The Number One League

, , | Related | June 20, 2017

(At this moment, the only available bathroom is the one adjoining the master bedroom. The door is open and both of my parents are lying in bed, on top of the covers, reading on their tablets.)

Me: “Hey, can I use your bathroom real quick?”

Dad: *without looking up* “What do you need it for?”

Me: “Um… for peeing?”

(Dad looks up, and it’s obvious he only just now processed what I had asked.)

Dad: “Oh, then sure. I thought maybe you were going to start a football league in there.”

Me: “I think your bathroom is a little small for a football league.”

Mom: “Not if you start a pee-wee football league.”

Harnessing Up All Your Parental Power

, , , , | Related | June 20, 2017

(My niece is around two years old but has very advanced speech skills. Shopping with her is always an ordeal because she always takes off running. My sister is pregnant and unable to run after her so buys a toddler harness and lead. This time we are shopping together so she leaves the harness off. My niece of course decides to run out of the shop with me chasing after her. I manage to stop her just outside the door and before she gets to the busy street. She struggles to get out of my grip.)

Niece: “Let go of me.”

Me: “I’m not going to let go until you promise not to run away.”

Niece: “I promise I won’t run away.”

Me: “Okay, let’s go back inside now.”

Niece: “No, I don’t want to.”

Me: “Yes, you are, because I said so.”

Niece: “No, I want to stay here.”

Me: “No, you are coming inside.”

Niece: “Well, I think I’ll just chuck a tantrum then.”

(She looks behind her, sees concrete so gently lowers herself to the ground and takes a deep breath. I’m looking on in quiet amusement and just as she’s ready to start screaming I pick her up by the front of her outfit.)

Me: “Not with me, you don’t.” *carries her back into the shop like she’s a suitcase, she’s so stunned*

Sister: “What are you doing?” *after I explain* “Looks like I have to get the harness out.”

(After she puts it on, my niece is standing by her, nice and content. We leave the shop and an elderly lady notices my niece.)

Lady: “Oh, what a cutie, look at your lovely red curly hair.” *notices harness and snarls to my sister* “How dare you treat that poor baby like she’s a dog. You should be ashamed of yourself. Take that disgusting thing off her right now!”

(My sister, usually very quick-witted and easy to anger, opens her mouth to yell back when my niece starts yelling at the lady in an almost demonic voice:)

Niece: “SHE CAN’T, BECAUSE I ALWAYS RUN OFF!” *gives her an evil grin and goes back to standing contentedly by her mother’s side*

(The woman was so shocked that we left her standing in the middle of the path with her mouth hanging open.)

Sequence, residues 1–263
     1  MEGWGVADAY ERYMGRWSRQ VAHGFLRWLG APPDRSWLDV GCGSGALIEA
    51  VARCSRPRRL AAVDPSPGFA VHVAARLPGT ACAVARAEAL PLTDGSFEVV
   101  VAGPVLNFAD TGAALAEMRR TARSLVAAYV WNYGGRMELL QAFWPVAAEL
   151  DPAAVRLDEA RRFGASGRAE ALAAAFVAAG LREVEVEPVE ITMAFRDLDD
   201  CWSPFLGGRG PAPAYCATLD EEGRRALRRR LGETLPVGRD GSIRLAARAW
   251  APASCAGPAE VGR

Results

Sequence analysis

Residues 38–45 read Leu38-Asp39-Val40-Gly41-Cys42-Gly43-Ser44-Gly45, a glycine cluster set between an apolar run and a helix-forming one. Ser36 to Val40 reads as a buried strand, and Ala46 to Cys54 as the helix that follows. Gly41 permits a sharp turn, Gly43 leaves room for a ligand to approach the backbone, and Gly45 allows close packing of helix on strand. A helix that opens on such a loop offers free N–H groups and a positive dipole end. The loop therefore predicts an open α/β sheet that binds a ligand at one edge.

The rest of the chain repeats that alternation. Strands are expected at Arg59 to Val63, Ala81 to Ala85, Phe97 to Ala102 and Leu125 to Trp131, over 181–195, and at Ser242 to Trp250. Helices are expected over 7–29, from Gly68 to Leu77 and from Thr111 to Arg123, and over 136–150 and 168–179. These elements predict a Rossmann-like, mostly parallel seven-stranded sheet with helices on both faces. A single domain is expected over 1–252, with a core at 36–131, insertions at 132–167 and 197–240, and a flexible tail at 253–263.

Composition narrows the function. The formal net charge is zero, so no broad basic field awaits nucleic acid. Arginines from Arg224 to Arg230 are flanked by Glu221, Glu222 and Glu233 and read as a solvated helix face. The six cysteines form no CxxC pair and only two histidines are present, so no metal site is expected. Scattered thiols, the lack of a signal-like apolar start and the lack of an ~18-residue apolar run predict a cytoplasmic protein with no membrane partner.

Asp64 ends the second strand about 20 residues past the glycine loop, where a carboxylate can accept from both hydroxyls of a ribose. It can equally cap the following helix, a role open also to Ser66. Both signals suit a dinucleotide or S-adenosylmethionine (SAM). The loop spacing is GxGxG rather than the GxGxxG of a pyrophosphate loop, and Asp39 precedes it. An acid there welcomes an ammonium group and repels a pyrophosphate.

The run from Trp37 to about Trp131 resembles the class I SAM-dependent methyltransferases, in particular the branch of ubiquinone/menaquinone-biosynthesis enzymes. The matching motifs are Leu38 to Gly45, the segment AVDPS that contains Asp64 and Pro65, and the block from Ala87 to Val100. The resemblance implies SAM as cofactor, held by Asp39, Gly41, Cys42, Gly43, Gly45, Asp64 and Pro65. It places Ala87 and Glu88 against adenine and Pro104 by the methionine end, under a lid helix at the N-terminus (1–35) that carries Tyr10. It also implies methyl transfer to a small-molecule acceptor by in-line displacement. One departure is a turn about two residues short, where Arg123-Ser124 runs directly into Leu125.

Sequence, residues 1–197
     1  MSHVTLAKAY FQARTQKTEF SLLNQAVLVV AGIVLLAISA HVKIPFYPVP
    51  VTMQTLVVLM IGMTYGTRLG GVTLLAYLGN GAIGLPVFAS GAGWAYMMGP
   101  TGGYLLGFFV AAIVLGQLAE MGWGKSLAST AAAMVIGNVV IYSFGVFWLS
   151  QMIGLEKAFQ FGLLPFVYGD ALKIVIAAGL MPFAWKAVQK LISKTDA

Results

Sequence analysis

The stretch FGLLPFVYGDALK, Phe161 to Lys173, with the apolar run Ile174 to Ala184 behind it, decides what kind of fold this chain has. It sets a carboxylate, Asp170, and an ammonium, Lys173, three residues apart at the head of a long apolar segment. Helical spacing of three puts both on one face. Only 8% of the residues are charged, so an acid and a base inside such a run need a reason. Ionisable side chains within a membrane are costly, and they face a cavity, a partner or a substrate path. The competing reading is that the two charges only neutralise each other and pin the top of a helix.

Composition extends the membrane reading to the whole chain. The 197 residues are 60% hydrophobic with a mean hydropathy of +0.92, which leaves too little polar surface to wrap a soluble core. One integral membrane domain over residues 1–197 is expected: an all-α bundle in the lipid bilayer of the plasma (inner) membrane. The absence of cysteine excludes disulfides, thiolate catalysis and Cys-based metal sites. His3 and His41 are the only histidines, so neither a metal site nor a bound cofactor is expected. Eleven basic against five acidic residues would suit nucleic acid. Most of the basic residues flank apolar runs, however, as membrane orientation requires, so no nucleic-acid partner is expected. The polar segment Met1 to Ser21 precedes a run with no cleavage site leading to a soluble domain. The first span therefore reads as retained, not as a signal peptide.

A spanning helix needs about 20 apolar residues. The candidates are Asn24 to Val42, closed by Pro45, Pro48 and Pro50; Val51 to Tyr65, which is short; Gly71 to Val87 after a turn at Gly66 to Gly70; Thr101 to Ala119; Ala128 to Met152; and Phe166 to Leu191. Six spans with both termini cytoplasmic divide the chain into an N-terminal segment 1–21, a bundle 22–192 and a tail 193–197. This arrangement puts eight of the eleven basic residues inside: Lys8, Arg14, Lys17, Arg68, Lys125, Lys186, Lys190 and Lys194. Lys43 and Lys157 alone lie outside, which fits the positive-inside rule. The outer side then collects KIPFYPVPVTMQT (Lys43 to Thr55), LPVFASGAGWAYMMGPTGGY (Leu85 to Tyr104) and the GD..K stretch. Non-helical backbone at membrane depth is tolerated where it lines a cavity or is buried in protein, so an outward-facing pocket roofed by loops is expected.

Nuts About Honesty

, , , , | Related | June 20, 2017

(I hear my sons, three and eight, squabbling a little in their bedroom. Suddenly the eldest yells, and the younger one squeals and bursts into a wail. The younger boy comes running to me and says indignantly:)

Youngest Son: “[Brother] HIT me!”

Me: “What were you doing immediately before he hit you?”

Youngest Son: *with an angelic straightforwardness* “I kicked him in the nuts.”

(I suppressed my laughter and pointed out that that’s what happens when you do that to people. He was not amused.)

Dad Explains Things In Black And White

, , , | Related | June 19, 2017

(A few years back, our local black coal power-plant managed to only coat HALF the village in ash, divided down a freakishly straight line. The damage was minimal — just a few loads of dirtied laundry that were hanging out to dry and things like that. It got a little bit of news coverage locally, so they filmed in the affected areas and talked to a few pedestrians, which were quite hard to find since we live in a village and they filmed while most people were at work. They did, however, find and interview my dad.)

Reporter: “Do you live in the side of the village that was affected by the falling ash?”

Dad: “Yes, I do.”

Reporter: “How bad was the damage for you?”

Dad: “Really bad; I mean, look at the dog. He’s usually white.”

(He indicates our black cocker spaniel. For reasons he still doesn’t understand, his interview wasn’t among the ones that were aired.)


| Related | June 19, 2017

Throwback ThursdaysQUESTION OF THE WEEK! Our new segment that aims to spice up your Mondays with our weekly question! 

What is the strictest rule your parents had when you were a kid?

Leave your answer in the comments!

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